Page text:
Game 46, Athletics at Mariners
Hisashi Iwakuma vs. Zach Neal, 7:10pm
After a riveting walk-off win against the heart of the Oakland bullpen, the M’s go for a series win facing a pitcher making his first big league start. This has happened a few times already this year, but when I saw the probables, I had no earthly idea who Zach Neal was. That’s always confusing, as I like to *think* I’m conversant with the 40-man roster of the AL West. In this case, I think the A’s front office and even Neal himself are all as stupefied as I am that he’ll take the hill at Safeco tonight. Neal was drafted by the Marlins in the 17th round in 2010. After a couple of so-so campaigns, he was released in 2013. The A’s picked him up, and he gave them a few more mediocre seasons. He’s not a strikeout guy, with minor league K rates around 15% or so. His control was fine, as he was stingy with walks, but that’s not the same as having elite command – he’s been very hittable at every level, which is why his runs allowed have been rather poor in the minors. He’s got a career AA ERA over 4, and a AAA ERA near 4, but that doesn’t tell the whole story: Neal’s given up *55* unearned runs across those levels, pushing his RA/9 to near 5.
Like a number of pitchers, he’s gotten better with more time at each level – he hasn’t had initial success, but with experience, he’s able to hold his own. That seems to be what’s happened this year, as he’s been Nashville’s best pitcher from a runs-allowed standpoint despite having less stuff and prospect cache than others. Still, it’s kind of amazing that a guy who, despite playing in the high minors the past few years, wasn’t invited to big league spring training and was nowhere near the 40-man is now making a big league start. Nominally, he’s replacing Sonny Gray, the A’s ace who’s been a shell of his former self and is now on the DL. The M’s have to like their chances.
There’s one small catch. Neal’s fastball has a lot of sink on it, and he’s got a so-so cutter/slider thing as well as a curve that doesn’t drop all that much. All of which points to extremely low spin rates on all of his pitches. High spin rate guys get a lot of attention, and for some good reason – the right kind of spin makes a pitch move, and movement is obviously useful. That said, there’s some value in being at the other end of the distribution. A ball that moves a lot LESS than people expect can be confusing in its own way. The poster boy for low spin rates last year was Kendall Graveman, whose sinking fastball and curveless curve kinda sorta worked for a back-of-the-rotation arm. It hasn’t worked this year in large part, but even last night, it’s been decent against the M’s. I don’t know of a way to search for M’s hitting against low-spin guys; if you want to make the intuitive leap that low-spin = ground ball guys, then the M’s have done fairly well. But they’ve also struggled against guys who don’t K or walk many batters, and in Neal they’ve got one. Neal is an underdog, and may get lit up tonight. I’d just feel better if he didn’t remind me so much of Graveman.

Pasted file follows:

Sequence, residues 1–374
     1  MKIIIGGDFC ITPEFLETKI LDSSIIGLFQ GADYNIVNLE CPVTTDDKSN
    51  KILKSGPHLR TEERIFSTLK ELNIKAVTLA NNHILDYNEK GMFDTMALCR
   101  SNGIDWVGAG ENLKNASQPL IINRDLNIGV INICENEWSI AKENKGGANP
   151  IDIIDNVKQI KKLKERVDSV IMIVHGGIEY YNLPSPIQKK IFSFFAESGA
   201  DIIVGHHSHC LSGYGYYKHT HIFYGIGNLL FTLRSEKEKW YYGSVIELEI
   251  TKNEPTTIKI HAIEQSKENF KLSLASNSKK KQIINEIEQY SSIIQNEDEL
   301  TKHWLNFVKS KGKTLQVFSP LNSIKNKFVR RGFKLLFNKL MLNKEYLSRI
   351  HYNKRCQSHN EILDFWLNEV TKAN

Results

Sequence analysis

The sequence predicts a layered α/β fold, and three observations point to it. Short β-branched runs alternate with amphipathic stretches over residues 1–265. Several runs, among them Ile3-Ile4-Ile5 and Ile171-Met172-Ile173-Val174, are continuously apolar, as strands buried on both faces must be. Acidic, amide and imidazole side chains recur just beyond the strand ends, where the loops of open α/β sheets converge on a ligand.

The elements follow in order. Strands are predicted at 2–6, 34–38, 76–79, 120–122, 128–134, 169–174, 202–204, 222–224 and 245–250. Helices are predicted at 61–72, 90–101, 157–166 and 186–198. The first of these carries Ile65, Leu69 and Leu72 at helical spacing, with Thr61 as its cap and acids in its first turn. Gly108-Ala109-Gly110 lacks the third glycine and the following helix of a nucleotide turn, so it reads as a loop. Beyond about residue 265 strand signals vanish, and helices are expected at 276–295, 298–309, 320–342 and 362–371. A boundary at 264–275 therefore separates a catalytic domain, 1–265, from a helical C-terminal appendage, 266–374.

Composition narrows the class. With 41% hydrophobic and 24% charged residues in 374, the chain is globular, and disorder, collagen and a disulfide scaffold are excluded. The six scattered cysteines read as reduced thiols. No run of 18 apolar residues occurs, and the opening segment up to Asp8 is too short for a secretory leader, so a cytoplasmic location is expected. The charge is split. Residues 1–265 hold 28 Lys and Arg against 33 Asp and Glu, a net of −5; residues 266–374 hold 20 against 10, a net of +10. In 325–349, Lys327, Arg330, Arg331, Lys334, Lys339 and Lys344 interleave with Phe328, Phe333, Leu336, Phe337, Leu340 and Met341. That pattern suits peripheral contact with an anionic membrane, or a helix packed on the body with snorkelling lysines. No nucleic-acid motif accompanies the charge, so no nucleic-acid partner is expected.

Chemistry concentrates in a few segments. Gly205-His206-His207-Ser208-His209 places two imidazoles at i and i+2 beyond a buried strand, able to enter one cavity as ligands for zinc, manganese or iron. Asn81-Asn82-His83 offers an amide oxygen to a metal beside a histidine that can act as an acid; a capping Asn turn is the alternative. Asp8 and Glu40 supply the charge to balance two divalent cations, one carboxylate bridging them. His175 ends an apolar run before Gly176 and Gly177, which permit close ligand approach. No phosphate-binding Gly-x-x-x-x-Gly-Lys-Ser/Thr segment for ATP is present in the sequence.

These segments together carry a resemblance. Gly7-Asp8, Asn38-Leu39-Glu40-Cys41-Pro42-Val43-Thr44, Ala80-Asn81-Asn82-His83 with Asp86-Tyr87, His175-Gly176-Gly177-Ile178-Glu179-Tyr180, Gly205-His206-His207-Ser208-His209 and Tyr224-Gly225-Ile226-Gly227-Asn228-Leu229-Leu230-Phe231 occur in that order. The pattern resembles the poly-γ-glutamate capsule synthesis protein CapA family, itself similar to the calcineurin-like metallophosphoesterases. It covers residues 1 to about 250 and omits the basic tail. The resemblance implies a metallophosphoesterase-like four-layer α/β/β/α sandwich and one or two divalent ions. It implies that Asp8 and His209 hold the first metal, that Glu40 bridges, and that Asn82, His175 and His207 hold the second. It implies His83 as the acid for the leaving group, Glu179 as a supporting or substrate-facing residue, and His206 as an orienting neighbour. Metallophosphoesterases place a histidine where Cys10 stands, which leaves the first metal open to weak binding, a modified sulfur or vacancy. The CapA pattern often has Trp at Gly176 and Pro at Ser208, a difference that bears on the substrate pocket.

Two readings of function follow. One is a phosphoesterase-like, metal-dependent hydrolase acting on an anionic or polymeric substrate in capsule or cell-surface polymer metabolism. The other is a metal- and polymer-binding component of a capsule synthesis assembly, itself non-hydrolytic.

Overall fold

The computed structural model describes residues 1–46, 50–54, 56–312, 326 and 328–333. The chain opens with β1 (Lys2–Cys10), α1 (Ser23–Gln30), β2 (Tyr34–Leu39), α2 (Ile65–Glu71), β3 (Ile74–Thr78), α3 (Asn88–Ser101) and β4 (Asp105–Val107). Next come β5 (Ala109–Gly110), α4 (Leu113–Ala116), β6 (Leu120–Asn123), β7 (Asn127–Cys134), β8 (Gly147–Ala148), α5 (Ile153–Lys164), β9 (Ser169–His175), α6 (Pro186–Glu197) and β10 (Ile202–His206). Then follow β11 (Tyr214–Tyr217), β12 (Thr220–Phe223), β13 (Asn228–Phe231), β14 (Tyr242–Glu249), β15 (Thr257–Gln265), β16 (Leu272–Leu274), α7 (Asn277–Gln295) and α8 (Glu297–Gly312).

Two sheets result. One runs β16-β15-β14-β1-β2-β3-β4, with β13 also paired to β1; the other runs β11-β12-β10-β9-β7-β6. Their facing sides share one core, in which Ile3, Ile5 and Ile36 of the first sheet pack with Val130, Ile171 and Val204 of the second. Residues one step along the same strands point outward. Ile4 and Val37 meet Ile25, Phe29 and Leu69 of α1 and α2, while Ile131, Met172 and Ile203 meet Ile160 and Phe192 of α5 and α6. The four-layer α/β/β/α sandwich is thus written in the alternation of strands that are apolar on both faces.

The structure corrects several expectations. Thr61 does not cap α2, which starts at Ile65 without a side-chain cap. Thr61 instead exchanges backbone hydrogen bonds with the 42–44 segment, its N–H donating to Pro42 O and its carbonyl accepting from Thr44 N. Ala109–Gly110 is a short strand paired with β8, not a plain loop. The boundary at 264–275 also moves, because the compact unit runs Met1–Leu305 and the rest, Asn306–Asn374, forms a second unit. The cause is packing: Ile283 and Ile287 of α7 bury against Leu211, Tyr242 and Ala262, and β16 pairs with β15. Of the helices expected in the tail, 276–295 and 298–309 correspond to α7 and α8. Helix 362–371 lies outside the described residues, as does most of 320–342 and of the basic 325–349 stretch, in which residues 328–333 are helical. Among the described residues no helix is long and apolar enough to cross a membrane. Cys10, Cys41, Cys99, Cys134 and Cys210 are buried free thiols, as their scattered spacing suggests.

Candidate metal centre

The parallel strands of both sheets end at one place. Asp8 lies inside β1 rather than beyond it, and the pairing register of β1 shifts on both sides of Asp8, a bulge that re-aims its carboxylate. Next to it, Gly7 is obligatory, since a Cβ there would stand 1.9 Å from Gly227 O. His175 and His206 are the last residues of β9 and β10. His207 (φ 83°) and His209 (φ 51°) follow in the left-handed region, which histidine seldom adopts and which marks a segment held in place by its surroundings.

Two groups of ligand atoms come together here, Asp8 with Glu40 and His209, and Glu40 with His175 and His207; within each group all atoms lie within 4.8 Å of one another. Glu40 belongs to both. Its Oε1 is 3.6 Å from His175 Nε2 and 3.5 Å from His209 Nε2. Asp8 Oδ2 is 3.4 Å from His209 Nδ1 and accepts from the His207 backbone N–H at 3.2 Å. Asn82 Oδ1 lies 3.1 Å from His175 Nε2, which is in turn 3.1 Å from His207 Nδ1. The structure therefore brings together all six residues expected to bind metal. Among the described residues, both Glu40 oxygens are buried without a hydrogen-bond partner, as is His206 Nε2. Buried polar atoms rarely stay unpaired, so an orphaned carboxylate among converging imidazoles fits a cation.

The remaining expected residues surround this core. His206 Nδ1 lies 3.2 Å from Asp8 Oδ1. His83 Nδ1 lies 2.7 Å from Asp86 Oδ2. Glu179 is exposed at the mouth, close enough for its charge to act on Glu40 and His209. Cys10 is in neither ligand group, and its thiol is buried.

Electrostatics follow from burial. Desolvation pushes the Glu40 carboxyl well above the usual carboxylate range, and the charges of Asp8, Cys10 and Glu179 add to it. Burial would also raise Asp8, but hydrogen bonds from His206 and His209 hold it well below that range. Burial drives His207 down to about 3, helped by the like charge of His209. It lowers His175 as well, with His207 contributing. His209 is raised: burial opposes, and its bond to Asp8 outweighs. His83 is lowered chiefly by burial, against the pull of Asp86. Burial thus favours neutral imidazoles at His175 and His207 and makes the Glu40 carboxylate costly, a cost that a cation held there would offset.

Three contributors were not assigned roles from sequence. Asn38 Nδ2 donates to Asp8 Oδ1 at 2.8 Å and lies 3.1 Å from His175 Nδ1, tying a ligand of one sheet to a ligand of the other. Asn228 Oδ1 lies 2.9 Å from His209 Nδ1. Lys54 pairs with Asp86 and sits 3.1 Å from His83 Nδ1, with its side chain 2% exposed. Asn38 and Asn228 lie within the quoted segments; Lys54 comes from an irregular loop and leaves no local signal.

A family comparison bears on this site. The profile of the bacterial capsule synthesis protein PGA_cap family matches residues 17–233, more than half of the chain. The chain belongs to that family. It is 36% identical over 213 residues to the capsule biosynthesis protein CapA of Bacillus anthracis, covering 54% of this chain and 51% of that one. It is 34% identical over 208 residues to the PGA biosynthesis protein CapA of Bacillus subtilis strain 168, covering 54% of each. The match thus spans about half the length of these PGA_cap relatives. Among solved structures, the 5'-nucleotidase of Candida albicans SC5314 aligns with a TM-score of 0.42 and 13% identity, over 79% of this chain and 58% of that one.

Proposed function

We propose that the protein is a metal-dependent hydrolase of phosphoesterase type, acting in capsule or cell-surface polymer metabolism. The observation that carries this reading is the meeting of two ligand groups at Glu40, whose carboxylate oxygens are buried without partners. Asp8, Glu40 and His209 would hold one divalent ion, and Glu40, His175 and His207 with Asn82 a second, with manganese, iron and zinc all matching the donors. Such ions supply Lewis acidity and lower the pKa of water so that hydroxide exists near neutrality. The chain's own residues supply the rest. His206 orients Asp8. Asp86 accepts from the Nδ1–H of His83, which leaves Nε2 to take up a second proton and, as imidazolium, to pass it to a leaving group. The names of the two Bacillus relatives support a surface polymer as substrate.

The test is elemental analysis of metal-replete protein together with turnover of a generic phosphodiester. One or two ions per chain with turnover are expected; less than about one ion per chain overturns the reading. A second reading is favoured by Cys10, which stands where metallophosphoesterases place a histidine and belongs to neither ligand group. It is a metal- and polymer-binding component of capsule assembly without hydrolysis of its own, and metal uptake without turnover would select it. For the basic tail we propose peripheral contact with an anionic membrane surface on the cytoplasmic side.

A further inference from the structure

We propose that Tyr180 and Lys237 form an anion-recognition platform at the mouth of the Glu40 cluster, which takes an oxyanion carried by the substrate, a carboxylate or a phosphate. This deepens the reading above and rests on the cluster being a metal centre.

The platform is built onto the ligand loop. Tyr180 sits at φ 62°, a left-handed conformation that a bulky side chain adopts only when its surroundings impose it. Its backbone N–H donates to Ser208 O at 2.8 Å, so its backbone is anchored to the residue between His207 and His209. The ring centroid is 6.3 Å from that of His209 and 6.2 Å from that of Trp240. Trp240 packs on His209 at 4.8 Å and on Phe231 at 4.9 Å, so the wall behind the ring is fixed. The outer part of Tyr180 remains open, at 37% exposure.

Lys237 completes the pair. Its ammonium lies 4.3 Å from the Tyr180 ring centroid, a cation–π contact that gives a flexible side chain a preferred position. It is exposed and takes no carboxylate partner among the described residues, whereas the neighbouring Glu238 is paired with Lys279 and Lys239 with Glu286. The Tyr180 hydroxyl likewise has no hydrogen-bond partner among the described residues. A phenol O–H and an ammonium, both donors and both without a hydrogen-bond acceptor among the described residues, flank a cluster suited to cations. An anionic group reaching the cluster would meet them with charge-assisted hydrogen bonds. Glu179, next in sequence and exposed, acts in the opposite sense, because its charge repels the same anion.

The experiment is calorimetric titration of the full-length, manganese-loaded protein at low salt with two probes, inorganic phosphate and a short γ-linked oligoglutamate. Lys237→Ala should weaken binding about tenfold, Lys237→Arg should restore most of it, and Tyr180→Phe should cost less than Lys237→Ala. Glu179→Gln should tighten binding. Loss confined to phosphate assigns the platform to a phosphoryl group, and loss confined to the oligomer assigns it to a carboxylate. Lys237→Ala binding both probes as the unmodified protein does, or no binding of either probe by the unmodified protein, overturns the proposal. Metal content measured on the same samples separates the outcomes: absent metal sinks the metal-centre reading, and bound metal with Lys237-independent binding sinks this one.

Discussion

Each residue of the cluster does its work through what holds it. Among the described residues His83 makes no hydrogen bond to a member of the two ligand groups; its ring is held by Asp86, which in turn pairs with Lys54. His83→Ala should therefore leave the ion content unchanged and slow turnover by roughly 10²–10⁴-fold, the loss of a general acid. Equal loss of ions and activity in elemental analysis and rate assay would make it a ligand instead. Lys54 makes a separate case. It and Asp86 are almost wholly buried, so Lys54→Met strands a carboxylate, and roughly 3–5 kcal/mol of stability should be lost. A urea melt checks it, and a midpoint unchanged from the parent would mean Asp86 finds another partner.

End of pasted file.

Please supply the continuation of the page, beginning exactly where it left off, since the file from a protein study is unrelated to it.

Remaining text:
To be fair, Graveman has more movement on his pitches than Neal. Neal’s FB sinks a bit and is arrow straight, like an underpowered version of Garrett Richards’. But whereas Richards gets an insane amount of spin on his breaking balls, Neal’s just float up there as if they weren’t spinning at all. It’d be remarkable if the A’s didn’t throw a guy who did the same thing just yesterday. Still, the fact that even his fastball has very little armside run differentiates him from Graveman enough. And let’s not forget: because Graveman’s struggled so much the 3rd time through the order, the A’s got him out early yesterday. They’ve made some roster moves to give their pen some depth, but they may need to leave Neal in longer than they’d like, and if they DO go to the pen in the 4th-6th, it’ll be the B team there for a while. After beating up on the first string, the M’s should have some confidence today.
1: Martin, CF
2: Smith, RF
3: Cano, 2B
4: Cruz, DH
5: Seager, 3B
6: Lind, 1B
7: Iannetta, C
8: Sardinas, SS
9: Aoki, LF
As you can see, Luis Sardinas, having spent 10 days in the minors, can now be recalled from AAA, swapping spots with Chris Taylor.